Keep proving your own idiocy.  That's sure to work in your favor.  Here's an idea!  Why not use fallacious logic to argue every point anyone makes?  That way, when you piss everyone else off, this forum can be all yours!
Genius!

87
Also bring:
1) an open mind, cause if you're adamantly stuck to one opinion on something, the prof will probably nail you for it
2) a sense of humor, not all of it has to be serious, sometimes a lighter viewpoint can reveal nuances you might not otherwise find in taking it all serious,
and 3) a thick skin- you'll likely at some point be criticized or told you're wrong by the prof- take it in stride its part of the learning experience
and finally 4)respect for your classmates- they're all intelligent or they wouldn't be there plus you're likely to learn as much if not more from them than the prof

I agree with most of this, especially the respect bits.  However, not every law student in intelligent.  I was once asked by a female classmate if I was a "stewardess" (I'm a dude) because of my rolling book bag.  Stewardess' are called flight attendants now, which wasn't my issue.  My issue was that stewardess' are ALL female.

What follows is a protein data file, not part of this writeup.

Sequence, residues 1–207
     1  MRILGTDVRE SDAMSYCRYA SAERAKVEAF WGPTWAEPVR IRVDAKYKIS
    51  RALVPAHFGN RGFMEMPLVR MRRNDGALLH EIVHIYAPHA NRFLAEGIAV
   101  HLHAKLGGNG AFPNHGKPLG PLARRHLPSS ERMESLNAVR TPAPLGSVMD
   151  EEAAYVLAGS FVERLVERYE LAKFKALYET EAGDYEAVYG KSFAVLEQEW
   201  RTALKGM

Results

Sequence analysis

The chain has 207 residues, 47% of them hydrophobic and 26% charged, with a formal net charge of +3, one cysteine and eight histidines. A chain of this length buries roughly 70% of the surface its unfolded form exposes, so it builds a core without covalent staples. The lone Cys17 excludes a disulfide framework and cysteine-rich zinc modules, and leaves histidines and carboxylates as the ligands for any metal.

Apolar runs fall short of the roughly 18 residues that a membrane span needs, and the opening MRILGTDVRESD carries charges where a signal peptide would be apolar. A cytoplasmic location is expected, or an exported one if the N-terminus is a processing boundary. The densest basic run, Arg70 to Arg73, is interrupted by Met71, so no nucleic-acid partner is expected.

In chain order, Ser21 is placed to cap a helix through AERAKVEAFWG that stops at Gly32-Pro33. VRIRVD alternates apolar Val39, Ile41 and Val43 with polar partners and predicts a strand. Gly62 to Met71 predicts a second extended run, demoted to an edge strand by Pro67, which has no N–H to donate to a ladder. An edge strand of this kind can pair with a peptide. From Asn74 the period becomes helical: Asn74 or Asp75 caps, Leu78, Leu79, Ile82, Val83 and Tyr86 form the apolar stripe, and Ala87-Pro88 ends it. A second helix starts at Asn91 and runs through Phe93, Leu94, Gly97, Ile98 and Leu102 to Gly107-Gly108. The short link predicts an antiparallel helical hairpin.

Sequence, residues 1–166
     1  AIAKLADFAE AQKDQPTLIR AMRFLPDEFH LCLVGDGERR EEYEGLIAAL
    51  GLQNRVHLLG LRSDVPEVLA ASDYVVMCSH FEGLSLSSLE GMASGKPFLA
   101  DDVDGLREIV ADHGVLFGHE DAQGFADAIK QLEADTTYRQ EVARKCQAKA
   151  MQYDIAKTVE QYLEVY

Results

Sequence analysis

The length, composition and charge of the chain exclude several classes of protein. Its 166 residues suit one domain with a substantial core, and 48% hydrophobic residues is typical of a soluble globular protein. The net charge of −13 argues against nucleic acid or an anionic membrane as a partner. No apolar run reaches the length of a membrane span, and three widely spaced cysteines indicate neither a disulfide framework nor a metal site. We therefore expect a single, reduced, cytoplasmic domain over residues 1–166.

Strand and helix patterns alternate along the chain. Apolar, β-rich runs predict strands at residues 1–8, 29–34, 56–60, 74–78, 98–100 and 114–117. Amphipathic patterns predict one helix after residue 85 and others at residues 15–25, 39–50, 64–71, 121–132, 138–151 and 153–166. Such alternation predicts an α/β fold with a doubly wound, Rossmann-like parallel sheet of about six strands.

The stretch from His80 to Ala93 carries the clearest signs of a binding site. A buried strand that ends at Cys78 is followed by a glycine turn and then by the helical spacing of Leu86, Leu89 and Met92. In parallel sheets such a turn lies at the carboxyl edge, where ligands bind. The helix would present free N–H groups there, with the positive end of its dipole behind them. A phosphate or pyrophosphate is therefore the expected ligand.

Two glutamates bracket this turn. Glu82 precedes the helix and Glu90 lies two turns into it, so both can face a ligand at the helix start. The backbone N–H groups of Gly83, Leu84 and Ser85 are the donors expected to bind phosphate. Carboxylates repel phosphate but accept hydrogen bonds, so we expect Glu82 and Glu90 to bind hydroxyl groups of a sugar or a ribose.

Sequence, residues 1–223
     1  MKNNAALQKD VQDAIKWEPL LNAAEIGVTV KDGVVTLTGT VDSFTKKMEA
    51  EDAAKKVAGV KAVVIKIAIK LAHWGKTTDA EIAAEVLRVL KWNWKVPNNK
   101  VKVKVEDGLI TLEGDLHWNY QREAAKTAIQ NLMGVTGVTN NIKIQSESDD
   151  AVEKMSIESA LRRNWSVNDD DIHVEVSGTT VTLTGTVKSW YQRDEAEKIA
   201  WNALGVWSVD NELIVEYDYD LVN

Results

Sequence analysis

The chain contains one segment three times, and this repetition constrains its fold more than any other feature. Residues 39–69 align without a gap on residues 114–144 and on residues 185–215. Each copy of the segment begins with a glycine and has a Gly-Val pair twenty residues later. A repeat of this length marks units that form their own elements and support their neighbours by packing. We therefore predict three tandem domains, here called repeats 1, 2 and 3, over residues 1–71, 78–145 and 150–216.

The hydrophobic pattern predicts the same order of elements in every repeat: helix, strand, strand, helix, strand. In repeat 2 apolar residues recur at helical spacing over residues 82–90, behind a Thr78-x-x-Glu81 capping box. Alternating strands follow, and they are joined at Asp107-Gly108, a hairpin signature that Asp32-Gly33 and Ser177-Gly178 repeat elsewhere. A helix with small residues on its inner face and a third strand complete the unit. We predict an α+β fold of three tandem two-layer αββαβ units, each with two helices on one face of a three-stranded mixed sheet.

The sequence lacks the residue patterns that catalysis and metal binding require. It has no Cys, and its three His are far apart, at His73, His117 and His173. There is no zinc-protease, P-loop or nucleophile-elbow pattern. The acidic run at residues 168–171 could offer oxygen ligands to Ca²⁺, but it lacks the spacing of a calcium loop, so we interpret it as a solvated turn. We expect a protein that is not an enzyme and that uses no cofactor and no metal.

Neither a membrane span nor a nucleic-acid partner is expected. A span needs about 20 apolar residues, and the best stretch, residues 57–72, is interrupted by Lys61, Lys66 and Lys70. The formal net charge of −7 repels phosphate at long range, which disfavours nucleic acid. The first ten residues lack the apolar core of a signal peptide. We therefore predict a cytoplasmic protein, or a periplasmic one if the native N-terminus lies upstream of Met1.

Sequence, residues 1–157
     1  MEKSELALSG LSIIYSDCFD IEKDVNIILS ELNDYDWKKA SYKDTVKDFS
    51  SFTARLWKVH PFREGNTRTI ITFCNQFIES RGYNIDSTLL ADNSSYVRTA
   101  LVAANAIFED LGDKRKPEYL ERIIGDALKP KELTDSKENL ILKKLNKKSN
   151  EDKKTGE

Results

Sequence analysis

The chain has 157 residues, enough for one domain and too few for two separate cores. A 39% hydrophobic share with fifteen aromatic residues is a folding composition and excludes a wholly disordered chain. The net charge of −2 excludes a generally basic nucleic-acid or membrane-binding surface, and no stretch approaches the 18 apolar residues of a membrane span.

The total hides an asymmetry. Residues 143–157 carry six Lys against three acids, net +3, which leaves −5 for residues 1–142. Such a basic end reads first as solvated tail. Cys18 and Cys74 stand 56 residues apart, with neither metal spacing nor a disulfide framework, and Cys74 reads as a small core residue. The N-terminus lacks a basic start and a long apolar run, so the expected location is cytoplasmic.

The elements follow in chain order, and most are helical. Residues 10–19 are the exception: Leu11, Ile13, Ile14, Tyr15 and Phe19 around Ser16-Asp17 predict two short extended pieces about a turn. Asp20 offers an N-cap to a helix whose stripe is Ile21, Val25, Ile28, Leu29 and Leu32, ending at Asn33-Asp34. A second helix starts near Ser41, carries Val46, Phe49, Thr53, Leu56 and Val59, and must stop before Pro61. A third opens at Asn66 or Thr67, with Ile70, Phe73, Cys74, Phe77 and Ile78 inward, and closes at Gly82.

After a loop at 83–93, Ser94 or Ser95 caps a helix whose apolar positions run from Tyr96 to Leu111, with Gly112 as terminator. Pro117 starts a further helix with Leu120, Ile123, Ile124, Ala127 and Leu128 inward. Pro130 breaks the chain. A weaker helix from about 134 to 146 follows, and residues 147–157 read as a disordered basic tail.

I also had a fellow classmate scream at a professor during class because he told her to stop asking for help from people around her, he asked HER a question, not her and her friends.

And I think every law student has a story about that person in law school who stayed clueless all semester, claimed to be studying 10 hours a day when they were really at the bars when they weren't in class, and ended up gone because they didn't have any idea what everyone else had learned.  Pretending to be smart doesn't make you smart.  I've known far too many people who got amazing grades in college by slacking their way through it.  Law students are not always intelligent.

I would add one:
respect for your professors.  Trust me, their job is tough.

I'm sure it must be tough to have to publish three, if not four, law review articles before earning tenure.  Also, they grade all those exams twice a year! 
Excellent point.  However, you may be underestimating how difficult it is to teach the law to a class full of students, many of whom believe that they are extremely smart and that law school is merely a formality.  Teaching can be very difficult.  Teachers require patience, the ability to communicate exceptionally well, and a well developed sense for how well their students understand the material as presented.  That said, many law school profs (in my experience) are terrible teachers.  Regardless, it is a solid idea to show them respect, especially in light of the fact that they have control over your grades.  At my school, teachers can raise or lower a grade by up to a full letter based on classroom participation, meaning disrespectful students (there are some) can be dinged a grade for being insufferable pricks....